Tag Archives: bread

No-knead pot bread with garlic butter

9 Oct

This is a party-size pot bread, so be sure to invite a crowd! Photography by Tasha Seccombe.

 

I love bread. I love the process of making dough. I have tremendous respect for the simplicity (and alchemy) of baking with flour, water, yeast and salt. From sour dough to brioche, each golden loaf that is made with care will continue to nurture and delight me for years to come.

I recently attended a sour dough masterclass at Loaves on Long, and learned so much about mother starters, fermentation and patience. I still need to start my own “mother” with Ciska’s recipe, feed it, and learn to understand its ways. I’ve done it twice before, and the results were incredibly satisfying. I see a post about my new efforts in the near future…

Today I would love to share a recipe for no-knead bread – a method that relies on long fermentation rather than kneading (so remember to start long in advance). This recipe featured in Donna Hay Magazine‘s 75th issue of June/July 2014. I treat her magazines as recipe books and exhibit them proudly on my recipe shelf at home, using them for references and inspiration often. I adjusted my recipe to contain 1 kg flour instead of Donna’s 675 g. Although Donna’s quantities deliver the perfect amount of rolls for a party of 6 (with one roll to spare), not everyone has digital scales and it is a lot simpler to work with whole packets of 1 kg white bread flour.

Here’s my adapted version of Donna’s beautiful recipe. I’ve added my personal touch with the addition of home-made garlic butter, adding a few generous lashings on top right after baking to seep into the warm creases for the ultimate in comfort food indulgence. Use a large iron pot if you don’t have a Le Creuset casserole dish like the one in the picture.

Note: This recipe makes a very sticky dough that is almost runny and quite difficult to handle. That’s why it is great news that you’re going to handle it minimally. The secret to the amazing texture is the long fermentation time, thus eliminating the need for manual kneading or for an expensive stand mixer. Stir the dough until mixed, then leave to proof for 4-6 hours until bubbly and airy (I use a 10 liter plastic bowl with lid, for enough rising space). Donna prefers to shape the dough into balls on a floured surface, but I found it easier to shape with oiled hands straight from the dough bowl into an oiled pot. Shaping the balls makes for an easy pull-apart roll after baking, instead of cutting into slices.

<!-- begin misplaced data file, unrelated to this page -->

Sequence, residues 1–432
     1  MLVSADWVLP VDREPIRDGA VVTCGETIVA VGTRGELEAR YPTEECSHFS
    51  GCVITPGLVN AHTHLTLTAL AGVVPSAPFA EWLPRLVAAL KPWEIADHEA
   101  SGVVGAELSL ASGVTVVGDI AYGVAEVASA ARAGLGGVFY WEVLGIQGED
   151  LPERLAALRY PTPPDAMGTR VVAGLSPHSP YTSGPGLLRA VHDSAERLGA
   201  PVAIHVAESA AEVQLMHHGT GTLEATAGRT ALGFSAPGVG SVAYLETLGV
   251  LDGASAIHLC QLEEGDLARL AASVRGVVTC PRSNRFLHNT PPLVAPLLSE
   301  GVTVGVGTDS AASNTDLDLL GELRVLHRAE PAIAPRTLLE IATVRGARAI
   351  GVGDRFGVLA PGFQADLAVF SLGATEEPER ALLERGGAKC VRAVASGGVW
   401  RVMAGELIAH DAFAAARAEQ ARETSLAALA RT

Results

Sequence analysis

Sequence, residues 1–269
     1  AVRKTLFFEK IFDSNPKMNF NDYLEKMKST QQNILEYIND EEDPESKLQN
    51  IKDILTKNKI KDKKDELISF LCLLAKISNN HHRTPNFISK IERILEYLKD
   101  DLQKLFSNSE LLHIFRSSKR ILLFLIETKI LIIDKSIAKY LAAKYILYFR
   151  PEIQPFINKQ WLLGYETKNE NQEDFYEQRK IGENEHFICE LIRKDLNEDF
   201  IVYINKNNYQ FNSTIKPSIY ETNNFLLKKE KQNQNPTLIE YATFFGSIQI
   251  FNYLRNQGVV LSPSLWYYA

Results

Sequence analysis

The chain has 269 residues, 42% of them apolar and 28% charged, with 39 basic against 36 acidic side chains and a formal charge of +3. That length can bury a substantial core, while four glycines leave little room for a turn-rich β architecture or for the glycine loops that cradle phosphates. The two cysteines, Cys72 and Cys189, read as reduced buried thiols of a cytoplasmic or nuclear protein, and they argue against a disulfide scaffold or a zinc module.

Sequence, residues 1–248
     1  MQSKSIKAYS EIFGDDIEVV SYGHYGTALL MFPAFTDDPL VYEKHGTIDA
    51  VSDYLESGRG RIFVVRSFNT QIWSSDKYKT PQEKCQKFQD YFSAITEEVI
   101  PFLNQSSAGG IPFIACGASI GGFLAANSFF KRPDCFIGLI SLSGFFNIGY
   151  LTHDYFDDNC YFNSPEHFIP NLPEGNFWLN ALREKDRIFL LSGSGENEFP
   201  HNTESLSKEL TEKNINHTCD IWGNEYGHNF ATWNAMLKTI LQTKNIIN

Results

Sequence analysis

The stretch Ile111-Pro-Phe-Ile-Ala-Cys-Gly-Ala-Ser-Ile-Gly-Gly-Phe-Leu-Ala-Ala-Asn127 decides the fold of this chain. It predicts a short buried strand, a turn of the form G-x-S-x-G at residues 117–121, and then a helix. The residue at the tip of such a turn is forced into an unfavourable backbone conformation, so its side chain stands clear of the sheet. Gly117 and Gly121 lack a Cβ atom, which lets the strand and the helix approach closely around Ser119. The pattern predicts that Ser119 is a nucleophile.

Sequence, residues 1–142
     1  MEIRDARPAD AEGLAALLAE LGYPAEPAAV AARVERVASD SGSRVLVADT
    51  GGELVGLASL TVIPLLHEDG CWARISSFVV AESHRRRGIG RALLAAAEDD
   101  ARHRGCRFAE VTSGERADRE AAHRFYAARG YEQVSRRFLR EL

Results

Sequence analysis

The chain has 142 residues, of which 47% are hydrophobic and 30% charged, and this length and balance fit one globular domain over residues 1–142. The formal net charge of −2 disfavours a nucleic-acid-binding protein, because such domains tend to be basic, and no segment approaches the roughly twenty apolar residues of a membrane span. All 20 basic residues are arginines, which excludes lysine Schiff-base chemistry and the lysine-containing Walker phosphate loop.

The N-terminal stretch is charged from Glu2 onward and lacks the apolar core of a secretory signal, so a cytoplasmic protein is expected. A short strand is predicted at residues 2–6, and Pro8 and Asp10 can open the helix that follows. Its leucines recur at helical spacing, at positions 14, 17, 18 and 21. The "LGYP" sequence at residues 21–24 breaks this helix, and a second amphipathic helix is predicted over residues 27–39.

Note: If you’re not going to be catering for a crowd, just halve the recipe.

Ingredients: (makes a very large pot bread, serves 10)

  • 1 kg white bread flour
  • 10 g (15 ml) instant yeast
  • 30 ml extra virgin olive oil, plus more for oiling the pot
  • 15 ml salt
  • 875 ml (3 1/2 cups) water

Method:

  1. Place all the ingredients in a large mixing bowl and mix with a wooden spoon to form a wet, sticky dough.
  2. Cover with a lid or plastic wrap and allow to stand at room temperature for 4-6 hours (longer if it’s a cold day) until it has tripled in size and has formed large bubbles.
  3. Grease a large, wide pot (about 30cm, preferable enamel-coated iron or plain iron) generously with olive oil on the inside. Using oiled hands, shape the dough into 10-12 balls and place them alongside each other into the pot. Cover with plastic and leave to proof for a second time, around 30 minutes, until doubled in size.
  4. Pre-heat oven to 220 C while waiting for the second proof.
  5. Remove the plastic, cover with an oven-proof lid and bake for 20 minutes (the bread will steam).
  6. Remove lid and bake for another 20 minutes until golden brown with a hollow sound when tapped.
  7. Top with lashings of garlic butter when still very hot, melting the butter into the bread. Serve warm.

Tip: Use a silicon spatula to loosen the bread from the sides and bottom of the pot, if necessary.

For the garlic butter: (make ahead and refrigerate until ready to use)

  • 250 g butter, very soft but not melted
  • 15 ml extra virgin olive oil
  • 2-3 garlic cloves, finely grated
  • a large handful of parsley, finely chopped
  • salt & pepper to taste

Mix all the ingredients together with a spatula in a mixing bowl (or use a food processor for a smoother result). Turn out onto a piece of grease-proof paper, then roll into a log and refrigerate.

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Biltong & herb garlic bread

26 Sep

Golden, toasted, buttery garlic bread with biltong & herbs.

 

You might not know this, but Montagu Dried Fruit and Nuts recently also added biltong to their repertoire. They asked me to play around with their biltong range and I came up with a few easy recipes that will leave your guests asking for more.

The first one is this moorish buttery garlic bread with fine biltong and fresh herbs. Now look, I’m a huge fan of a garlic bread as part of a braai. This recipe seems very simple, but the results are out of this world! The biltong adds a savoury note that works so beautifully with the garlic butter – it’s just pure gold.

Be sure to buy the best loaf of ciabatta or sour dough bread that you can find. A day old loaf works even better. Enjoy!

Drenched with buttery biltong and garlic with a touch of fresh herbs, this loaf is the stuff dreams are made of.